Tips from the Candidate Coaching Table

Last week I attended “The Placement Exchange”(TPE), the annual career fair for those seeking jobs in student affairs. While I had gone through TPE back in 2008 and 2011 as a candidate, this year I was part of my institution’s employer squad: we were looking for some awesome candidates to come work with us in residential life. A few weeks prior to going to TPE, I received an email asking for volunteers for on-site candidate coaching, where we would assist job-seekers in assist in individualized job search coaching.  I signed up and worked about 4 hours worth of shifts and from that here are a few nuggets of wisdom I bestowed onto some candidates:


Shake it off  (yes, you read that correctly: shake it out — not off)


The first candidate who came to me was nervous about interviewing for their dream job. I could tell from the moment they sat down and spoke to me that while excited, they were very much caught up on not messing up for a chance at their dream job in their dream location. After they went through what help they needed, I told them to stand up and shake their arm. This person looked at me kind of strangely, and I explained

You have so much pent up nervousness and excitement in your blood right now — you need to stand up and shake it out.

Still not believing me, I stood up and proceeded to shake my arm, hand, and leg to demonstrate. I have no shame, and neither should they. But guess what — it works. After that, we were able to have a great conversation about the position they wanted and it helped them to focus on the job, rather than be nervous.


I can read your resume, tell me about you.

If I had a dollar for every candidate I interviewed for jobs and spoke with during candidate coaching that regurgitated their resume when I asked for their elevator pitch or the “tell me about you” question, I would retire from my job indefinitely.  When candidates came to me in the coaching area, I introduced myself, got to know them a little better, and asked them to give me their elevator pitch. They did. They all recited their resumes. I stopped most of them mid-way through their pitches and told them to tell me something about themselves, after all, I did ask them to tell me about themselves. For those of you who struggle with this prompt, I found some really great resources to help folks in answering that question: Here , here, and here .  You want your answer to line up with that of with the job to which you are applying. You want to be concise, but show who you are.  Be Yourself – talking about yourself should be easy because you know how awesome you are. Don’t be afraid to talk about YOU.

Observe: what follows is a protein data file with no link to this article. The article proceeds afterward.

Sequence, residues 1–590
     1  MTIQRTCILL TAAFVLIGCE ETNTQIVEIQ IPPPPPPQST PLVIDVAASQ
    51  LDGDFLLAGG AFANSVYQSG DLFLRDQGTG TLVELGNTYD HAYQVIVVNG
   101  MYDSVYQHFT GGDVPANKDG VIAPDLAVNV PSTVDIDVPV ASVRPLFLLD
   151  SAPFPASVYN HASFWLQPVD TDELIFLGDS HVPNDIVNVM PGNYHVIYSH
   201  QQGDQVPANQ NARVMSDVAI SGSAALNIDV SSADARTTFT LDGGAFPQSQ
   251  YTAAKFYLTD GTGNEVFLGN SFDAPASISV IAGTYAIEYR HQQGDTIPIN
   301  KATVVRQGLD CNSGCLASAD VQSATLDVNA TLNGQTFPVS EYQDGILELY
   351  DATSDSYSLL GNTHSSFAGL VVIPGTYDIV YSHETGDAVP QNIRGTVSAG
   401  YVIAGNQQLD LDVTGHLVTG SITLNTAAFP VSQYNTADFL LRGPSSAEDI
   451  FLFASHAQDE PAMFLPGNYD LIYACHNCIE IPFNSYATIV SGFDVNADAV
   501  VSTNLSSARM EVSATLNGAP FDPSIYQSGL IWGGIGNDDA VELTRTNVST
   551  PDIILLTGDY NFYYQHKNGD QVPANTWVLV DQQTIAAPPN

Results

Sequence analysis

Woo and be Woo’d

This actually has nothing to do with StrengthsQuest – but rather a first date. I had a candidate come speak with me about some poor advice he had gotten from another candidate coach earlier that day. They said that the coach had led them to believe that their materials were a perfect match for the job they wanted. They said they interviewed and then when they checked their mailbox, got a thanks, but no thanks message. This candidate was crushed and couldn’t fathom why they didn’t move forward in the employer’s process.  They tried to blame the candidate coach for poor advice, but then I suggested that we go over what they said to the employer. I pretended to be the employer and asked “tell me about yourself and why you want this position” . The candidate proceeds to tell me that they wanted this job to: get their foot in the door to open up other doors at the institution, to get their PhD, to live in XYZ place, etc.  As I was listening, I couldn’t help but think that the reason this candidate wanted this position was for their own agenda. The candidate mentioned nothing about why they wanted the position, let alone why they wanted to work at the institution. So we talked about Wooing – like how on a first date you can’t make it all about you, but you have to make it about your date too. In this sense, while this candidate wanted all of these things for them, they never woo’d the employer. I made them start over again, and include why working for this employer would impact their career.

What I took away from this experience

One of my biggest takeaways, aside from the talented up-and-coming grad students we have entering the field, is the fact that we don’t do a lot to prep our students for interviews. I know at my institution, we do mock placement, but I have heard we are one of the few that do. As I spoke with these candidates, I wondered how we, as a profession, can assist our grads and new professionals (who might be searching for that next step) on how to interview, not only in a placement exchange situation, but also at on campus interviews. I know there have been many webinars, blogs, and other forms of relaying this information, but it’s not enough to help our candidates.


March 2016
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